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  • Writer's pictureMax Augliere

The Ultimate Guide to Spearfishing and Lobstering in the Florida Keys in 2024

Updated: Mar 4


A freediver holds a large Hogfish
A Healthy Hogfish, an Iconic Species in The Keys

The Florida Keys are known for epic spearfishing. Whether you are interested in trying spearfishing and lobstering for your first time, or you want some tips to help you be more productive, here's your chance! We've put together the ultimate guide for spearfishing in the Florida Keys with everything you need to know to get started. Keep reading!


Keys Spearfishing REgulations

There are several spearfishing regulations in the keys. We've broken these regulations down by where you can and can't spearfish, and what you can and can't spearfish and lobstering regulations. To spearfish in the Keys, you will need a Florida Saltwater fishing license, which you can buy here. If you plan on only spearfishing Lionfish, you do not need a license.


Where to go

If spearfishing from Miami to lower Islamorada, you may spearfish beyond 3 nautical miles from land on the Atlantic Side. This means many of the reefs you may spearfish on, as long as they are not in a protected marine sanctuary or state park. Oftentimes, these "no-take zones" will be marked by large yellow buoys.


Pickles Reef

Pickles Reef is one of the closest places to spearfish near Key Largo. It's 6 miles southeast of Key Largo, and 4 miles off Tavernier and ranges from 6 - 30 feet deep. Grouper, snapper, yellow jack, and the occasional hogfish can be found here. Ensure you avoid spearfishing within any yellow buoys indicating a "no-take zone."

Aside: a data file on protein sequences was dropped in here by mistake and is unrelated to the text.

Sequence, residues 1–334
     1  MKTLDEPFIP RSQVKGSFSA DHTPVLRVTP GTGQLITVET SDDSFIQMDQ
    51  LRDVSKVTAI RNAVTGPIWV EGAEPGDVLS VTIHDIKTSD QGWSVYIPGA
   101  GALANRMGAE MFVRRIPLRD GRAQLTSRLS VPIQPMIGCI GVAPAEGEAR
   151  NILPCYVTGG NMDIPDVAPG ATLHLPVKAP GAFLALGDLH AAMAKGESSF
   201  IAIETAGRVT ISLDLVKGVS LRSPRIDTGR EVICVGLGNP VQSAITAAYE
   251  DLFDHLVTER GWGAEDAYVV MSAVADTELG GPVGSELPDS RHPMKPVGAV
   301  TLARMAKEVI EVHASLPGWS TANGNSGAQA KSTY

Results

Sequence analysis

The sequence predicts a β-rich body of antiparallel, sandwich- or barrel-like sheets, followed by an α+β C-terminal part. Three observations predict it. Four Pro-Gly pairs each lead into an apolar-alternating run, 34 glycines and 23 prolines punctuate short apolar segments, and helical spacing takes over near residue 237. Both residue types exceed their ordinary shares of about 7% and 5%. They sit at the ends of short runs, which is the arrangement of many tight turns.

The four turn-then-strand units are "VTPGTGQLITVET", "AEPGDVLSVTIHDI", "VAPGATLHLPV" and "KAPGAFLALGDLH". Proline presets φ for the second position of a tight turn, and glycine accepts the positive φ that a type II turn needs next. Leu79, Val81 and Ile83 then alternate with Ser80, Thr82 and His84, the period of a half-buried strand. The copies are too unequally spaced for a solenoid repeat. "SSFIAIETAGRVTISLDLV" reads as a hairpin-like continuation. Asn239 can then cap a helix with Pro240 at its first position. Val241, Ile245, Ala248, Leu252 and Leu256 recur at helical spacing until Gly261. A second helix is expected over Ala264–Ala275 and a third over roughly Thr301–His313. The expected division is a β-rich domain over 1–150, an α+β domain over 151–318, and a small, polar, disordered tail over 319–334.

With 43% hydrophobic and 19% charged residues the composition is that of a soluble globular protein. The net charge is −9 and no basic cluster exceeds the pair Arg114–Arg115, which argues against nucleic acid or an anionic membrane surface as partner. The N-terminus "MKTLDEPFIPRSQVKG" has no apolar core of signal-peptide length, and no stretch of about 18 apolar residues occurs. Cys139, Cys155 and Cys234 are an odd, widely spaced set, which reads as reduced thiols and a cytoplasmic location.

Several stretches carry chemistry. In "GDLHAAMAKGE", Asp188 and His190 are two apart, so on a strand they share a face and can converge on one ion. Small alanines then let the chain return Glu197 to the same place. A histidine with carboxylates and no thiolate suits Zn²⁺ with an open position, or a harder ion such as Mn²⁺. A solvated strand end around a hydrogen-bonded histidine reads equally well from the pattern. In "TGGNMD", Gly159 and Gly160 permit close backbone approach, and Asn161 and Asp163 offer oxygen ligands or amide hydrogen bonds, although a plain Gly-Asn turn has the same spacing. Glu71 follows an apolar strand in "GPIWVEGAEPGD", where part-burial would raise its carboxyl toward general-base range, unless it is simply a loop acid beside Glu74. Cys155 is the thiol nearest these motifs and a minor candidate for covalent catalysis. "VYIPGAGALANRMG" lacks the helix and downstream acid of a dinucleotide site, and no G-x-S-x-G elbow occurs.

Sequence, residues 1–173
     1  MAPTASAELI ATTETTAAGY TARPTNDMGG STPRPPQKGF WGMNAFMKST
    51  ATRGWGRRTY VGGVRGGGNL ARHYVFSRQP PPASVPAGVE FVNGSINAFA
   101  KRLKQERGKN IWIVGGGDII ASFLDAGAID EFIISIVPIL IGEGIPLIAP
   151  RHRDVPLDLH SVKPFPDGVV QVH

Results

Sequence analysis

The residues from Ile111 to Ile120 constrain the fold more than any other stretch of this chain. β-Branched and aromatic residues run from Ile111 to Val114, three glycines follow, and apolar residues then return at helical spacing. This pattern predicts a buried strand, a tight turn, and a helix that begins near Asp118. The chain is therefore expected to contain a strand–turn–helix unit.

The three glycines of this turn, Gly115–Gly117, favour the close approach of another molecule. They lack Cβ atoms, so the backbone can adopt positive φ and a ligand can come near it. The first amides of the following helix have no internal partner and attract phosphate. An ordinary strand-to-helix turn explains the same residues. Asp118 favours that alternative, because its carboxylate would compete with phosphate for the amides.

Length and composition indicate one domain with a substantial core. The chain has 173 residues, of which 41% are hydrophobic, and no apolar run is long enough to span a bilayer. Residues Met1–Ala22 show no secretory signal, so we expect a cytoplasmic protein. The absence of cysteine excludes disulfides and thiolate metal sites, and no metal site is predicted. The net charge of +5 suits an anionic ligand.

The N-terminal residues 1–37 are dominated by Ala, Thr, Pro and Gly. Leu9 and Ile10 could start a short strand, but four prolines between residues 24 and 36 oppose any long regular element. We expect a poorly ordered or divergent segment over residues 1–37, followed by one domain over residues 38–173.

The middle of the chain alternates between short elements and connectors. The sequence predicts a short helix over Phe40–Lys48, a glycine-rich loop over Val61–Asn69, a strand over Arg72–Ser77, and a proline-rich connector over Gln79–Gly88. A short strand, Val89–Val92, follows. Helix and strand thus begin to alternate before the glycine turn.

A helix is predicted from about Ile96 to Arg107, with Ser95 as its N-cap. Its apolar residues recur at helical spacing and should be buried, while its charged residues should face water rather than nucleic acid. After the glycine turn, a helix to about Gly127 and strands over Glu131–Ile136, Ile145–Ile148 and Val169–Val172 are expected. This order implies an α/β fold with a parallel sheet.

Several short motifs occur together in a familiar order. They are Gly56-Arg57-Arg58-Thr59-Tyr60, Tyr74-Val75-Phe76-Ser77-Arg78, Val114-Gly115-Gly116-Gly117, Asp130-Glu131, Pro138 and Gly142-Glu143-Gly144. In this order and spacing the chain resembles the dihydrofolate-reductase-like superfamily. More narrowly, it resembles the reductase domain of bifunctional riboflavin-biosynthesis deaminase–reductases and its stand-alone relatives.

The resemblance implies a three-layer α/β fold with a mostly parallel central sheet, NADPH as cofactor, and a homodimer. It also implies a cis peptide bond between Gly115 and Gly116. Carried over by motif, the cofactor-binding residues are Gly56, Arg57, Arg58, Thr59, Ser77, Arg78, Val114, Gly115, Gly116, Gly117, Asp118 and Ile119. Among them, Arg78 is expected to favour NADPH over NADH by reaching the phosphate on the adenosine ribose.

Crocker Reef

Crocker Reef is a good spot to spearfish about 4 miles off Islamorada. The reef gets up to 30 feet deep, and there is a deeper wall on the south side that drops to 60 feet. Grouper, Snapper, Cero Mackerel, and Yellow Jack can be found here.

Delta Shoal

Delta shoal is a shallow area to spearfish off Marathon. You don't need to be 3 nautical miles out offshore to spearfish in Marathon, which opens up your opportunities. Many patch reefs can hold large grouper if you are lucky, and deeper reefs will be home to hogfish and snapper. Marathon and Big Pine Key also mean you can spearfish in the Gulf without being 3 nautical miles offshore. Plenty of Hogfish, Red Grouper, and Gag Grouper roam the gulf side, where the visibility is not as clear as the Atlantic, and the spots may be harder to find, but if you can find the spots, they are often very productive.

Western Dry Rocks

Western Dry Rocks off Key West is a good place to spearfish, with shallow and deeper reef structures. It's about 10 miles southeast of Key West. Fishing is prohibited within the marked boundaries near Western Dry Rocks from April 1 – July 31. Here's a video of Aaron Young, from Key West Waterman spearfishing around Key West.



3 nautical mile rule